- IRS data retrieval now mandatory: On the old FAFSA, the IRS Data Retrieval Tool (DRT) linking your FAFSA to your IRS tax return was optional. On the new form, the IRS Direct Data Exchange (DDX) is mandatory, which is more convenient for families.
Now that you have some of the basics, let’s dive into the more complex changes.
“Expected Family Contribution” changing to “Student Aid Index”
The FAFSA uses your family’s income and non-retirement assets to calculate what was called your Expected Family Contribution (EFC) on the old form. It’s now called Student Aid Index (SAI). Your EFC/SAI represents the amount you’re able to contribute to college. But it’s not what you actually pay; it’s just the number financial aid offices use to determine possible financial aid offered to a student. However, many families thought their EFC was what they would pay. EFC and SAI are basically the same thing, but the hope is families will find the terminology of SAI less confusing and daunting to their wallets—at least for some.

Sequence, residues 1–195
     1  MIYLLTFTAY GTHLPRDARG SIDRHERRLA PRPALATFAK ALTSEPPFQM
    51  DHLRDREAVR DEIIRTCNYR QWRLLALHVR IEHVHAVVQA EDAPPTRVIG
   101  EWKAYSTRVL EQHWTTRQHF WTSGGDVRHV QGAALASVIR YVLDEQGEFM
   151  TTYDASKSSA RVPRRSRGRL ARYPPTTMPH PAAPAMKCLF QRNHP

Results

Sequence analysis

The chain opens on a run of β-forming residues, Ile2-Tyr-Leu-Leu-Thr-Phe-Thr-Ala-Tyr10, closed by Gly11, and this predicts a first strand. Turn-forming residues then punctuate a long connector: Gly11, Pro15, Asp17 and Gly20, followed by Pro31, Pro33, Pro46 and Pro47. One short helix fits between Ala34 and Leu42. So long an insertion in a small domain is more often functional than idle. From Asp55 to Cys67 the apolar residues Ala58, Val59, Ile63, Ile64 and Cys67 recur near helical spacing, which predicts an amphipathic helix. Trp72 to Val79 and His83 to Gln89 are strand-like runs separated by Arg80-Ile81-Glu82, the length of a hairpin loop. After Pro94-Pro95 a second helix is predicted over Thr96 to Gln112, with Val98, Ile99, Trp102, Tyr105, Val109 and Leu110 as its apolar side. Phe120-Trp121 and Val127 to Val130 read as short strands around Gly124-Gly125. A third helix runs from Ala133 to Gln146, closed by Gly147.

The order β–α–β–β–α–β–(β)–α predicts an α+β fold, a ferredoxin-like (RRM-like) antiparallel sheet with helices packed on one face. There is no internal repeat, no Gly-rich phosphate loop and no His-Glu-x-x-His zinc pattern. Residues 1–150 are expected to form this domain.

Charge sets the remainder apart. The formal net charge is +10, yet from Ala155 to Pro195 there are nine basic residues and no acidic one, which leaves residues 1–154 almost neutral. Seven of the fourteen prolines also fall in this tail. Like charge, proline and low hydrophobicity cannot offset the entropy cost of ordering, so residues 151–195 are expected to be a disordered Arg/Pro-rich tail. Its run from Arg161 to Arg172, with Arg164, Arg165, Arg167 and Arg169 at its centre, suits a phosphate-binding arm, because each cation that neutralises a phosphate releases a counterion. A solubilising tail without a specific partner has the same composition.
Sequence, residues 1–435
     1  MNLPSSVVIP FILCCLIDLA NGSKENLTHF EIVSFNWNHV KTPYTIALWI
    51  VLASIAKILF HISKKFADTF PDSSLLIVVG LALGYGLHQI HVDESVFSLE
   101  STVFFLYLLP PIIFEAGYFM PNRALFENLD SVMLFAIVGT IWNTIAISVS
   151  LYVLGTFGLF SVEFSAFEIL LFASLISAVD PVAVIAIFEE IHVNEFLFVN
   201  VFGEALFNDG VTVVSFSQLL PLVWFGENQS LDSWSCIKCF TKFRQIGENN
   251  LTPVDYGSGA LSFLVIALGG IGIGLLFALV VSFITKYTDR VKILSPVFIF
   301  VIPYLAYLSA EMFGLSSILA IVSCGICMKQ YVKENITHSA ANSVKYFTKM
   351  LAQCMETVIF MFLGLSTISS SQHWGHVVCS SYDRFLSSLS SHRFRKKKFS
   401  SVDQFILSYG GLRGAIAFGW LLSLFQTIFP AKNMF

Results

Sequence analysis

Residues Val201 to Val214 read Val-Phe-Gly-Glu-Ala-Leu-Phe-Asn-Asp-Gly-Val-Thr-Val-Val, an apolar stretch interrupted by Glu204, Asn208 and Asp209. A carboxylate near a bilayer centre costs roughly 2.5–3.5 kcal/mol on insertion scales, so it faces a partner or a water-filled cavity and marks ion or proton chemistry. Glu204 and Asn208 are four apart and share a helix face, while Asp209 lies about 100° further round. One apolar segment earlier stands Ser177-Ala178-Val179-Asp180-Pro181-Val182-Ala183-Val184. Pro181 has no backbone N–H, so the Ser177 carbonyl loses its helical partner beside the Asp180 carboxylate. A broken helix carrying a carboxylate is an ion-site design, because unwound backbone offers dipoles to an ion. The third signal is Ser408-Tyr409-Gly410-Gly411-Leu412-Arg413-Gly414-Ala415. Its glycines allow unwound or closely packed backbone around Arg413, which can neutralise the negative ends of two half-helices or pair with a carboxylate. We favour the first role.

New formula increasing Income Protection Allowance
What is new and noteworthy about the SAI is the formula used to generate it. For many families, their SAI will be lower than the previous EFC formula, increasing eligibility for financial aid. Why? The new formula increases the Income Protection Allowance (IPA), ensuring more income is protected from being counted toward the SAI. For parents, the IPA increases 20% from about $30,000 to almost $36,000 for a family of four (IPA depends on several factors and adjusts annually). For dependent students, a fixed amount of $9,410 is protected, according to a recent Brookings Institute report. Unfortunately, if you have two kids in college or own a farm or other small business, you might be worse off…